4. The type of audio lure affects species-specific luring success (see discussion in Kiffner et al. 2009) and thus influences species ratios.
  5. Additionally, the length of the distress call affects the ratio of species (Kiffner et al. 2008). In the TSS, attraction of carnivores by calls and carcasses of entrapped animals lasted longer than luring in the playback scenario (PBS), allowing variation in spatio-temporal behaviour of competing species or individuals such as successive arrival and feeding of ‘solitary’ carnivores. Given that parameters (iv) and (v) varied within the three playback studies and between the two scenarios, direct comparisons are thus biased.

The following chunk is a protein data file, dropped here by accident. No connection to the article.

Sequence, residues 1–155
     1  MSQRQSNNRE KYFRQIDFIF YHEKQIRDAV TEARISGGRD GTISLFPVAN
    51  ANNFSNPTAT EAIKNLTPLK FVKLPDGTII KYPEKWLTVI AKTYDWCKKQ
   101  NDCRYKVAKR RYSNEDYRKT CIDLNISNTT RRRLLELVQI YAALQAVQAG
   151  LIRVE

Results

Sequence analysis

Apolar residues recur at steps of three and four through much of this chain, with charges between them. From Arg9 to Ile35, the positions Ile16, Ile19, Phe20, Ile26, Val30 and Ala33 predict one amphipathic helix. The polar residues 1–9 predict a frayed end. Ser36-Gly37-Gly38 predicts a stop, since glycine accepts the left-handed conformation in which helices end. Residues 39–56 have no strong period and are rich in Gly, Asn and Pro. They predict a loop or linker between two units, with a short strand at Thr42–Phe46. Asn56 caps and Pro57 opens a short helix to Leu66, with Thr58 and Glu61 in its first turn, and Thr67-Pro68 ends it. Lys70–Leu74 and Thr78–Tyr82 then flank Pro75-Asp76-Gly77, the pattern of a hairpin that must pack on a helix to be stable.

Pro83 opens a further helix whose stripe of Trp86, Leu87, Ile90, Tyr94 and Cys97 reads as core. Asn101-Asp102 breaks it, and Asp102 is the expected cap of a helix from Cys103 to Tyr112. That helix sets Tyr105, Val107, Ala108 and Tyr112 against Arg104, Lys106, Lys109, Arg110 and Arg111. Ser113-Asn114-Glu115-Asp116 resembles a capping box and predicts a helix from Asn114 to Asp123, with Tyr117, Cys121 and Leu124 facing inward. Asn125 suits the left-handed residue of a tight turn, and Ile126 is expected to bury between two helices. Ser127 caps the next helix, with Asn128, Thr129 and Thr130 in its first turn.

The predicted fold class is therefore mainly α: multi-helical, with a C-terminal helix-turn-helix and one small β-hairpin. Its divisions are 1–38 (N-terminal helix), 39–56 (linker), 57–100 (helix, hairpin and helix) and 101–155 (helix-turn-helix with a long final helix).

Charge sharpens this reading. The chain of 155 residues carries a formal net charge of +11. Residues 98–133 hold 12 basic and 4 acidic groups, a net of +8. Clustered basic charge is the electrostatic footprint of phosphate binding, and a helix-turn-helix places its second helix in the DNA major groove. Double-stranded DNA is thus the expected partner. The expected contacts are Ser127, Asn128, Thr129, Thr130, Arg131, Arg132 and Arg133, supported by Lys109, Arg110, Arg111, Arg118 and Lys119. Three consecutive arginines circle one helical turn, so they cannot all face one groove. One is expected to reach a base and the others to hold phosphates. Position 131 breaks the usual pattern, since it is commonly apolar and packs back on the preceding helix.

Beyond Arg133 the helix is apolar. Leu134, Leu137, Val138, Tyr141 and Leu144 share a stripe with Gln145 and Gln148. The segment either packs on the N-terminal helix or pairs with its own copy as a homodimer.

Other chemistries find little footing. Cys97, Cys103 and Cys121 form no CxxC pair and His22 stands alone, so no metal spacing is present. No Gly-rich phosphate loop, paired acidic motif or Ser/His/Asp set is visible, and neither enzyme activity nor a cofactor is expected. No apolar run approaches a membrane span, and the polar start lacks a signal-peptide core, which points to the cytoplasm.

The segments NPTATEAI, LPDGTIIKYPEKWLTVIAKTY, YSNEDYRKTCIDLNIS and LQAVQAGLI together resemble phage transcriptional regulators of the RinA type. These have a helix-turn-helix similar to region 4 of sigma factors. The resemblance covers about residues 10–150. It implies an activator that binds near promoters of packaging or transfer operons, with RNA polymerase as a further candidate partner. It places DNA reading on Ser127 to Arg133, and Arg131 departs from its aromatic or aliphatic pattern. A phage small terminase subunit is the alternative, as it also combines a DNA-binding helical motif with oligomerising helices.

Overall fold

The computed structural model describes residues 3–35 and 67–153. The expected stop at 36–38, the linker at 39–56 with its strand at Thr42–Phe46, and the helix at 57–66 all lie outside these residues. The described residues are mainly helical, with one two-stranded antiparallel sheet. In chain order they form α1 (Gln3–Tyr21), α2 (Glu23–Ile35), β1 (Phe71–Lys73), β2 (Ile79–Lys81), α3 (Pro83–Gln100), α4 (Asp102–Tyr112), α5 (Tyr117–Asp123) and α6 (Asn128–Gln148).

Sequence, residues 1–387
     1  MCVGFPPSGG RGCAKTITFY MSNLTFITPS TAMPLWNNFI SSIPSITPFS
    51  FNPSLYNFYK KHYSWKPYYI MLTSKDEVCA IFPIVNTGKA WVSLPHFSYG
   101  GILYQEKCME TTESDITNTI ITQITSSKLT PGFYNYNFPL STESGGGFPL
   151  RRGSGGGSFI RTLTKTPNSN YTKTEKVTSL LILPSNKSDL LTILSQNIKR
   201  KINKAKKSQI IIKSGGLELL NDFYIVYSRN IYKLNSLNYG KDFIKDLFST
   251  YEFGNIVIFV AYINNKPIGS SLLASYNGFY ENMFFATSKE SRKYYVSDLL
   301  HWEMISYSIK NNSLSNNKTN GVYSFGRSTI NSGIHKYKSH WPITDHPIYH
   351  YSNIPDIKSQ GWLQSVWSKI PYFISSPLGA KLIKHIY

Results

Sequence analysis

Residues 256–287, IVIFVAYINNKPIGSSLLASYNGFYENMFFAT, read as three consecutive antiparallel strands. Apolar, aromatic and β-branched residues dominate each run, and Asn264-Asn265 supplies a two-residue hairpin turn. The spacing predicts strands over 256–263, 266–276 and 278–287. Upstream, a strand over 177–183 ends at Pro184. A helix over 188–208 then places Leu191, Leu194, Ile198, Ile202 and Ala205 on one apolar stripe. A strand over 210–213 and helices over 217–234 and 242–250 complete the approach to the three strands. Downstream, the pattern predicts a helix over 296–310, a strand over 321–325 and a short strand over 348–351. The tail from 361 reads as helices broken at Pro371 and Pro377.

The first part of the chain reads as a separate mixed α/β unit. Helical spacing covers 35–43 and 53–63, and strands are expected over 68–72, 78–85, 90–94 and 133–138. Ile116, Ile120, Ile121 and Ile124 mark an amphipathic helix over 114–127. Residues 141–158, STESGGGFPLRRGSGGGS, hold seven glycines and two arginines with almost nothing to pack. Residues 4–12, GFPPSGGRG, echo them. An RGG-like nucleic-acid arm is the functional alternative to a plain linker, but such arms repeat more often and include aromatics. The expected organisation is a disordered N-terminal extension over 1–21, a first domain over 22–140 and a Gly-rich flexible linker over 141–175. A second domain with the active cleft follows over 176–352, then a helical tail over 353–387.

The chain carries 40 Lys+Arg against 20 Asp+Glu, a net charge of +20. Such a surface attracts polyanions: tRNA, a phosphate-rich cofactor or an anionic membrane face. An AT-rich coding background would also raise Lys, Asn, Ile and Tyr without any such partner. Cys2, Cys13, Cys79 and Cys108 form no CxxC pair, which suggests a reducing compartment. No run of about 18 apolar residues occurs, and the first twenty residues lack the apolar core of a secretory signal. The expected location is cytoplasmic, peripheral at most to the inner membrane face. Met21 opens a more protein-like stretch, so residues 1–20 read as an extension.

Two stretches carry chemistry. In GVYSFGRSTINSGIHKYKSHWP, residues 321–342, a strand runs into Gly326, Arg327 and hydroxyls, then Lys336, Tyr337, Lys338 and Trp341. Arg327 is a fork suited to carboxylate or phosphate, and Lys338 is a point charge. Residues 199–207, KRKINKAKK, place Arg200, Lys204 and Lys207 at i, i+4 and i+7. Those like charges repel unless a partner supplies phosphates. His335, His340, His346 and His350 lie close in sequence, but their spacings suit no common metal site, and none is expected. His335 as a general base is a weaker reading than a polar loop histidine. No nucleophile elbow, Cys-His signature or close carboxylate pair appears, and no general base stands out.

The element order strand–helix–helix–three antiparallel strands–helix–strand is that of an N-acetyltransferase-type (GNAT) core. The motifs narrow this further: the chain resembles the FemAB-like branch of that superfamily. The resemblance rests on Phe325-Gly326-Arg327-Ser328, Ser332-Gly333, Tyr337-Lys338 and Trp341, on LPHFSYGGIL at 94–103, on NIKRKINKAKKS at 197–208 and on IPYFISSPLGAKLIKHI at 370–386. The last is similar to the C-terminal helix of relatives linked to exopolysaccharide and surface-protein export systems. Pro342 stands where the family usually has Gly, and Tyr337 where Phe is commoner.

6. The authors' comparison is based upon an unexpressed assumption that the North American Late Pleistocene carnivore guild was similar to that in extant African savannahs where lions are the top predators (Caro & Stoner 2003; Owen-Smith & Mills 2008). Only if adult male lions are absent, does numerical predominance enable spotted hyenas (Crocuta crocuta) to prevail (Cooper 1991). How would the frequency distribution of carnivores look like if playbacks were carried out in another ecosystem with a different carnivore community? In modern India, solitary tigers (Panthera tigris) occur at high densities (Karanth et al. 2004) and dietary and behavioural analyses suggest they are the dominant species (Karanth & Johnsingh 1995; Karanth & Johnsingh 2000). Unfortunately, playback surveys have not been conducted in this ecosystem. Yet, numerous observations suggest that aggregations of tigers at live baits, kills, carcasses or other occasions are not exceptional (Schaller 1967, pp. 239–240, 243–251, 270; Karanth & Johnsingh 2000). These aggregations comprise four to nine individuals and are usually composed of adult females, males and juvenile individuals (Schaller 1967, p. 239). Other predominantly modern solitary felids also form aggregations when feeding (cheetah Acinonyx jubatus: Caro 1989, p. 43; Cougar Puma concolor: Seidensticker et al. 1973).